I was lucky enough to have the chance to review the classic steampunk novel, The Warlord of Air, the first in the Nomad of Air series and originally published in 1971 . A short but rich account of the adventures of Captain Oswald Bastable, a British soldier in the colonies of India in the early 20th century that finds himself flung into the future of 1970’s where steampunk airships rule the skies above a world of a seemingly peaceful beauty.
We first meet Bastable through the character of the author’s fictitious grandfather in 1903 (a fun choice that serves to quickly emerse you into the fantastical universe), after his time traveling adventure, and he’s clearly worse for the wear. Strung out on opium and a stowaway on a merchant ship, Bastable earns the sympathy and intrigue of Morcock Sr. who agrees to transcribe the time-traveler’s tale in exchange for some vittles and a good hot shower (seems fair).
A great deal of praise is due to Morcock’s skill in allowing the reader to view this steampunk work through Bastable’s eyes. He is the perfect turn of the century up-right British captain yet not once is an “old chap” or dry narration out of place or forced. Instead of a future randomly sprinkled with airships we get a Edwardian atmosphere with steam you can almost taste. In fact, the future in which Bastable wakes is not entirely different from the one he left. Many of the political atmospheres from the empire building past remain relevant with some 1970’s updates as well as an appearance by Mick Jagger (that’s right). The future utopia in which Bastable establishes himself, while clean and beautiful, unravels before him as the undercurrent of peace is powered by the exploitation of the colonial territories just as it was in his own timeline. The staunt patriot and army man finds himself at a crossroad between joining a terrorist group bent on the liberation of oppressed colonies and his own loyalties to the tradition and past that had been his whole world.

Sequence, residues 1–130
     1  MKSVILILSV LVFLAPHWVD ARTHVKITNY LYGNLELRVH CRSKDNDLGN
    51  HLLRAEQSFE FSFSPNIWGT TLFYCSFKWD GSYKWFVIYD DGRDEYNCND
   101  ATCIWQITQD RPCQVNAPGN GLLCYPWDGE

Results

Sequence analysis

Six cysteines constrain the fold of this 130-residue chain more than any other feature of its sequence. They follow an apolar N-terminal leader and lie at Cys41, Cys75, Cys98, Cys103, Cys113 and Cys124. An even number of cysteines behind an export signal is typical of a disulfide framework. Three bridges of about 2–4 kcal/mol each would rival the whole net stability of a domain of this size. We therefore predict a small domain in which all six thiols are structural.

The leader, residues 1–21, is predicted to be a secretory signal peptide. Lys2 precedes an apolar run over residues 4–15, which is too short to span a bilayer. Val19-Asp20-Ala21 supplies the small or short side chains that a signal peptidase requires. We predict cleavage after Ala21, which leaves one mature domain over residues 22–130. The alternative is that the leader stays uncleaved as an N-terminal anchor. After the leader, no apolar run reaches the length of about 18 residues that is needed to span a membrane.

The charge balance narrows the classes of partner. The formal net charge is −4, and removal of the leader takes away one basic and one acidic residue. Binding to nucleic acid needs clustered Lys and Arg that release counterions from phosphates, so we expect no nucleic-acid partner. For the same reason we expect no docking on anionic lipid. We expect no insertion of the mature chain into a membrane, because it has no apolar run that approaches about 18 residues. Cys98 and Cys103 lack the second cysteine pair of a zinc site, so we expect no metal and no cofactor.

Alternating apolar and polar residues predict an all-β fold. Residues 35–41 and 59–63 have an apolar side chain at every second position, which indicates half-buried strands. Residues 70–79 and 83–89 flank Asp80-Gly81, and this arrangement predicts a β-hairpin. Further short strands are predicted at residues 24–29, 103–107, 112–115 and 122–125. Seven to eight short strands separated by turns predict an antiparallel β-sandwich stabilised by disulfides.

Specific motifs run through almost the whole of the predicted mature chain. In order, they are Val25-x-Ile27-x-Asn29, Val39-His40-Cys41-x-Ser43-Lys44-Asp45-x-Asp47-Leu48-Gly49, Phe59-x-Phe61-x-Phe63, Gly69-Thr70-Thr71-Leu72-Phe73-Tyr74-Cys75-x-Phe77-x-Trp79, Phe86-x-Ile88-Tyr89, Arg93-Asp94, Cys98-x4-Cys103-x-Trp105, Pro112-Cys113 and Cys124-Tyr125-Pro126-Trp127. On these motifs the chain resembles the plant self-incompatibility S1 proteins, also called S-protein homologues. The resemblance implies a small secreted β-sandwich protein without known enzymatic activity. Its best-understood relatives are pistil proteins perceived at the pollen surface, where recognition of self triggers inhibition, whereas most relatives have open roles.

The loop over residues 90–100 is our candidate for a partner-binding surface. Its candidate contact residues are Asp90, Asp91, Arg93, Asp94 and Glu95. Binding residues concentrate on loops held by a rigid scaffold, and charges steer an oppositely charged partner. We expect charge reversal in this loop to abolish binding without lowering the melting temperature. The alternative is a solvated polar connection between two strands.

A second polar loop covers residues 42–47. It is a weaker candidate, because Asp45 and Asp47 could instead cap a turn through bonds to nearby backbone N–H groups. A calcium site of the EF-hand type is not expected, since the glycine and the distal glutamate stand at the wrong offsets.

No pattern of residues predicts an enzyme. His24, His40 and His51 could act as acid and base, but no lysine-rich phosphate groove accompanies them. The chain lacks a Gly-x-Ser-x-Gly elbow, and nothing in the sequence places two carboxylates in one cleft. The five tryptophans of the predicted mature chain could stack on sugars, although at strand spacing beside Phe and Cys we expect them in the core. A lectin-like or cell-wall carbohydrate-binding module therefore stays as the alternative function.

A steampunk novel of the future with historical themes of the past could have easily been an awkward mess, but Morcock writes with a tight hold on his characters and universe to create a novel with a pleasing fantasy element and political subtly. I will say, however, that a great deal of the book is devoted to airships. Man, they are everywhere, even above every chapter header. The first half of Bastable’s tale is devoted to descriptions of the sky behemoths and a clearly loving portrayal of the feats of engineering that would have needed to go in to inventing these fantastic machines. However, I believe that the book would have been better suited in devoting more page-space to beefing up political elements of the universe, most of which is only allotted subtle whisperings until the last fifty pages or so of the novel. None of the descriptions were entirely dull, but anything less than a hardcore steampunk fan may find it to be a bit of a snooze fest. I found myself frustrated in having to look through the window into what seemed like a fascinating world with a view obstructed by thousands of fucking airships.
Still, if you like turn of the century steampunk, this novel earns the designation of a classic. I’ll definitely give the text two volumes in the trilogy a shot once they get the reprint treatment later this year. Warlord of Air is out now.